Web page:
Genesis 22, God told Abraham to take his son, Isaac, and offer Him as a
sacrifice, and Abraham obeyed. But just as Abraham was about to kill his
son, God stopped him. Abraham looked up, and there was a ram in a thicket
of thorns, and it became the offering.
The most face-value interpretation of this is verse 12: "Now I know that you fear God." Abraham proved His faith in God and that was credited to Him as righteousness. When we obey God, it proves we trust Him. This has fantastic application.
But there's so much more to this story.
1. The trust evident in Abraham's willingness to offer his son was credited to Abraham as righteousness. God named this act of faith a righteous act. God is perfectly righteous - He is the only perfect being. Therefore, if a father's willingness to lay down his son out of love is a righteous act, then it is something that a perfectly righteous God must do. God cannot call an act "righteous" that He Himself is unwilling to do. This is precisely the reason He told Abraham to offer his son. God gave us another way to see what the righteous Father was planning to do for us - the Father offered His Son at Moriah. (Incidentally, Abraham means "exalted father." It's no coincidence that his act mirrors that of our Heavenly Father - Avinu.)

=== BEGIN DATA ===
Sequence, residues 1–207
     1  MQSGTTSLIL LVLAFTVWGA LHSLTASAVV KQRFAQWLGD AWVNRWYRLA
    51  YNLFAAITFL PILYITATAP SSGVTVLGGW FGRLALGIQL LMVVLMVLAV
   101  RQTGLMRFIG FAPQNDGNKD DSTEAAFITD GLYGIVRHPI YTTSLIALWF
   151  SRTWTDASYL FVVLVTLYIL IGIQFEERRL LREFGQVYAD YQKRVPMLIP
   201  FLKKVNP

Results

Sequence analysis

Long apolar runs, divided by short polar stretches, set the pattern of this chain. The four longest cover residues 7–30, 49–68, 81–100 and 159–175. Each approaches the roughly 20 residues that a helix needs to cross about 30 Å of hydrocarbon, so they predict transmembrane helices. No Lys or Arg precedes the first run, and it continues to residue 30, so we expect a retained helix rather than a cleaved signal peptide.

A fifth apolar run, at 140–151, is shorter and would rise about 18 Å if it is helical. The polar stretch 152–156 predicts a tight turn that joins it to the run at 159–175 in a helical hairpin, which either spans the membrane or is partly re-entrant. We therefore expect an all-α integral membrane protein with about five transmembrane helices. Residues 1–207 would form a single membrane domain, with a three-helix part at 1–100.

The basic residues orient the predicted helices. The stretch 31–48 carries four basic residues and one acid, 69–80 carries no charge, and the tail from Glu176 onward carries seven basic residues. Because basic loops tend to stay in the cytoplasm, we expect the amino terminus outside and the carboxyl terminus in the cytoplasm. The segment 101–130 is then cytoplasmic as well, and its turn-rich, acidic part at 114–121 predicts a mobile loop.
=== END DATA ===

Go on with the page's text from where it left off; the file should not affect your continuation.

2. When Isaac asked, "Where is the lamb?," Abraham answered, "God will provide for Himself the lamb." It is interesting that at the end of the story, a lamb still had not been provided. It was a ram. So where is this "lamb"? Thousands of years later, John the Baptist looked up and said about Yeshua, "Behold the Lamb, who takes away the sins of the world." The identity of Yeshua as a lamb did not only point to Passover, though this application is powerful in itself, but it pointed back to this lamb, which had yet to be provided.
3. The Hebrew for "He will provide for Himself the lamb," can equally be translated to something like: "He Himself will be provided as the Lamb." Isn't it powerful that the Lamb of God, Yeshua, says, "I and the Father are One." Yeshua, who died as our Lamb, is God Himself, and God Himself said that He will be the Lamb.
4. The ram in the Genesis story was found with its head caught in a "thicket" - dense brush. Is it possible that it was a thicket of thorns - revealing that the true Lamb would also be found with His head in a crown of thorns? Thorns not only a torture device; they are a symbol of the curse of sin (Gen. 3:18) which had to be placed on Yeshua for our salvation.
5. God told Abraham to go to the "land of Moriah" in Genesis 22:2, in order to offer Isaac. Why does this matter? Mt. Moriah is the Temple Mount in the heart of what later became Jerusalem. It is this spot in which God had Solomon build His house - the Temple, and it is this spot in which God said He put His Name on earth (1 Kings 9:3). Where was Yeshua crucified? Outside the city walls of Jerusalem. Wherever it was specifically, it was in the "land of Moriah" in the place God said He would put His Name, and the exact place to which He led Abraham to show us what He would do through Yeshua.